New York—New York City is planning to build a new storm barrier along the East River as part of a complete revamping of a four-mile long waterfront featuring wetlands, pedestrian bridges, mini parks, a continuous bike/walk path and even a sandy beach.
The Blueway Plan is a concept design developed by studio-based planning and design firm WXY along with local officials, politicians, and community groups. It follows through on the commendable set of principles put forth in 2011 by the NYC Department of City Planning in the Vision 2020 Waterfront Plan.
“By delivering direct access to the East River waterfront, The Blueway will offer people new ways to travel along the river and experience a new natural edge,” Adam Lubinsky, WXY’s managing principal, tells MHN. “And by re-establishing saltwater marsh to Lower Manhattan, the East River Blueway will bring biodiversity back to the river’s edge and provide a natural buffer against storm surges.”
WXY’s vision includes raising the park road and replacing a long bulkhead at FDR Drive, the highway that cuts off much of the East River, with a protected wetlands and a new pedestrian bridge would welcome visitors and residents.
“There is a natural beach underneath the Brooklyn Bridge that would be made accessible, providing a fantastic new site for enjoying the river and views,” Lubinsky says. “The Blueway Plan proposes active places for recreation both at the Bridge and at Stuyvesant Cove, including boat launches and, eventually, wading pools that use filtered river water.”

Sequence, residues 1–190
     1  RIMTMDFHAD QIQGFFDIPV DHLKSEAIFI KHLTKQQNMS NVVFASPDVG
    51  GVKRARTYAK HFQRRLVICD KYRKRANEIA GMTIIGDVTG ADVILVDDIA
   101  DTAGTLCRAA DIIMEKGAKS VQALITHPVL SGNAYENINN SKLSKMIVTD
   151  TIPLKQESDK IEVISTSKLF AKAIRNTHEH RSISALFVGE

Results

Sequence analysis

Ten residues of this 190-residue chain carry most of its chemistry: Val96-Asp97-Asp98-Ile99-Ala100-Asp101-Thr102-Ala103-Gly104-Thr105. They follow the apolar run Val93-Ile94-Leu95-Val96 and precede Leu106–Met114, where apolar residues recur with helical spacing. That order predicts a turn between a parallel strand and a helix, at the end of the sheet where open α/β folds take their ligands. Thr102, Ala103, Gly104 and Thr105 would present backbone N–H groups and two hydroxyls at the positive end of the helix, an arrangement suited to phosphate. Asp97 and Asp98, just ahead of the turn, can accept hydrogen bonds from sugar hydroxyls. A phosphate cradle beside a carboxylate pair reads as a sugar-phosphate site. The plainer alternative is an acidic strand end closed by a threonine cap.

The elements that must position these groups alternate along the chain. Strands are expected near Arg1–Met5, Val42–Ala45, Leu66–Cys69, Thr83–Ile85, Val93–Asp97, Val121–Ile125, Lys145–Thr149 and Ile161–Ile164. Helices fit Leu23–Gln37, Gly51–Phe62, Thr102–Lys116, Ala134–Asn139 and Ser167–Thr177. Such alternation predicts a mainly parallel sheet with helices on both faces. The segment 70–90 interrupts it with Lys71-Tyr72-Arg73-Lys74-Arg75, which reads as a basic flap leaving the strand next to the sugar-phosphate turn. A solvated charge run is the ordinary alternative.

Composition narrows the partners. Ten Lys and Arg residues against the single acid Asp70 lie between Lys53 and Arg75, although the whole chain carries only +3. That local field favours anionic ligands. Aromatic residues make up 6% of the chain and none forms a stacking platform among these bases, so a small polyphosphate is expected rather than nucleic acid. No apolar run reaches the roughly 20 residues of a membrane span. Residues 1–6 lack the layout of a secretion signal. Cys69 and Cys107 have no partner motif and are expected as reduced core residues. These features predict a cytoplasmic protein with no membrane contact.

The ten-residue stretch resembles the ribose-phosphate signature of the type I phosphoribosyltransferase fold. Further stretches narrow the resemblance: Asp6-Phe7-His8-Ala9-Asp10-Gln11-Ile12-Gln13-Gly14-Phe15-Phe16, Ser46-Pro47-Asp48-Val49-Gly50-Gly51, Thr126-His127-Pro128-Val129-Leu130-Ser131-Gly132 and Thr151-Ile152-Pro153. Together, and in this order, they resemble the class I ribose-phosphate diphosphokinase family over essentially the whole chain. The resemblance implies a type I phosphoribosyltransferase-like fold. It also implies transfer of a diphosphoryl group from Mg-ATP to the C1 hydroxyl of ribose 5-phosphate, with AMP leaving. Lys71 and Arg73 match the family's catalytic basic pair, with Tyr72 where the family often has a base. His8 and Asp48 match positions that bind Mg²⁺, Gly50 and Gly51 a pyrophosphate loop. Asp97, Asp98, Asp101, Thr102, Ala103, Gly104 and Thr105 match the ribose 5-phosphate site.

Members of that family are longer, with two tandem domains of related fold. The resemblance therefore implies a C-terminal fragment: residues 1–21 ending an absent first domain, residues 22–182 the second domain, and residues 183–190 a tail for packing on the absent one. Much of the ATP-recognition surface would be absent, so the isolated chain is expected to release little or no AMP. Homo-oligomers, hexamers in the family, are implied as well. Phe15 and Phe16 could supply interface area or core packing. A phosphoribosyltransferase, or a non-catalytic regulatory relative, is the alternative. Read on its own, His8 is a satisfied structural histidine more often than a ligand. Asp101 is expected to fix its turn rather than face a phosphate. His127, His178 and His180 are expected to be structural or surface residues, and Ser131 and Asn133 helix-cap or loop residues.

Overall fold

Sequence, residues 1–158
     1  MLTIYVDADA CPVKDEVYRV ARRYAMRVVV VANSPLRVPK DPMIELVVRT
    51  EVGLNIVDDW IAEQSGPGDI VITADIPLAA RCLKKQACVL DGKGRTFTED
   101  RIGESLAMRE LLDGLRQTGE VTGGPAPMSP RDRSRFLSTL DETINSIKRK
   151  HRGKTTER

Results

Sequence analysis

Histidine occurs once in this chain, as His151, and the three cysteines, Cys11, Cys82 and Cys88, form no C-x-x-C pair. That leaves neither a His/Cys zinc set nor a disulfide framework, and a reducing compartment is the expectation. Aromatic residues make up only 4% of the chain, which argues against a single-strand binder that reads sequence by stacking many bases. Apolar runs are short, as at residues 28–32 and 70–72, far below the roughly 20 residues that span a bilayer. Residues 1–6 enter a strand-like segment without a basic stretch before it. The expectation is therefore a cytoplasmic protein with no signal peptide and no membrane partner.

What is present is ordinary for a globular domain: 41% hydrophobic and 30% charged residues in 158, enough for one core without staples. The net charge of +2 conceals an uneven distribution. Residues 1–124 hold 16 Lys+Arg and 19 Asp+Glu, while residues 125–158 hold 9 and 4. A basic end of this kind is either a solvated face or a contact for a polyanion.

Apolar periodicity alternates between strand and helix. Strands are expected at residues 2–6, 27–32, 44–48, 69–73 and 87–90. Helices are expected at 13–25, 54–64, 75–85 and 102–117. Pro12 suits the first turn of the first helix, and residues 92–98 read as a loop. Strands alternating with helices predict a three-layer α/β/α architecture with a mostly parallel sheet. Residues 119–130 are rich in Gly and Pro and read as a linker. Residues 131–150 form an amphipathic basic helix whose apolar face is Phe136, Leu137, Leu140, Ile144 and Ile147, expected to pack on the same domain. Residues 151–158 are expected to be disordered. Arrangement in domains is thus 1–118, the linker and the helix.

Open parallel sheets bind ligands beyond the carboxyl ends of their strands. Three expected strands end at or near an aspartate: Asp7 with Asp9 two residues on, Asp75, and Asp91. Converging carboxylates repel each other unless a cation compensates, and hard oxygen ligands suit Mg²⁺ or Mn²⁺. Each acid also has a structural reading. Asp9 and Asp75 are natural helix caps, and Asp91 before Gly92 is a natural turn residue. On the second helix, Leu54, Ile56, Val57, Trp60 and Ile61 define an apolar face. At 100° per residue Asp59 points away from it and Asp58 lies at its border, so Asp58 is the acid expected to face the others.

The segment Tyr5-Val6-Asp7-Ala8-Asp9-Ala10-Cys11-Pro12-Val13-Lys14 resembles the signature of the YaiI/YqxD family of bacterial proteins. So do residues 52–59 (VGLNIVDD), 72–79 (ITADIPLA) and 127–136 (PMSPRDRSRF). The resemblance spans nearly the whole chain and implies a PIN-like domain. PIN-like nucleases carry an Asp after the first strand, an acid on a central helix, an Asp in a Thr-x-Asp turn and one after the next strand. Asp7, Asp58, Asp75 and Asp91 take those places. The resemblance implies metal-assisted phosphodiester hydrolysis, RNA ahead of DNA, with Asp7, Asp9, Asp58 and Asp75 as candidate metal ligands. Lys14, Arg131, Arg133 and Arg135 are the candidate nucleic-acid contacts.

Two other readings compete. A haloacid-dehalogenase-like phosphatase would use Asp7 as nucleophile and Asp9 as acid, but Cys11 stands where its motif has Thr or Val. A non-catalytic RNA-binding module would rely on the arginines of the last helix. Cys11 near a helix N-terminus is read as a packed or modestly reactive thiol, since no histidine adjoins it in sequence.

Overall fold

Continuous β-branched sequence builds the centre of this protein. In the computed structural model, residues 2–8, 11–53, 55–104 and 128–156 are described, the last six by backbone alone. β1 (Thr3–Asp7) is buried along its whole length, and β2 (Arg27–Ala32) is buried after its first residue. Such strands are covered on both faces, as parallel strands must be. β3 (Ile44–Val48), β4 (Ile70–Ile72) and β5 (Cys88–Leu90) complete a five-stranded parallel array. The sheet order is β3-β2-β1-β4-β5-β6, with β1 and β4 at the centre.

The area—with its many Lower East Side high-rise multifamily residences, both public and private, and its institutional workplaces further north along the river—suffers from poor access to the East River. An active waterfront would create an extraordinary amenity for those living nearby.
According to Lubinsky, the key goals for the plan include achieving recreational opportunities at the water’s edge, access to the waterfront across barriers such as the FDR Drive, continuous connectivity along the river’s edge, and an improvement of the water and environmental quality so that people can freely boat, fish and even bathe their feet in the river water.
“We also want people to see the connection between the absorption of storm water (so that sewage doesn’t flow into the river) and the quality of their waterfront experience,” he says. “All of these goals need to be addressed in the context of a comprehensive resiliency strategy for the waterfront in terms of storm surge protection, storm water management and the future of the infrastructure in the area.”
The Manhattan Borough President’s Office has committed an initial $3.5 million in funding for the marsh creation.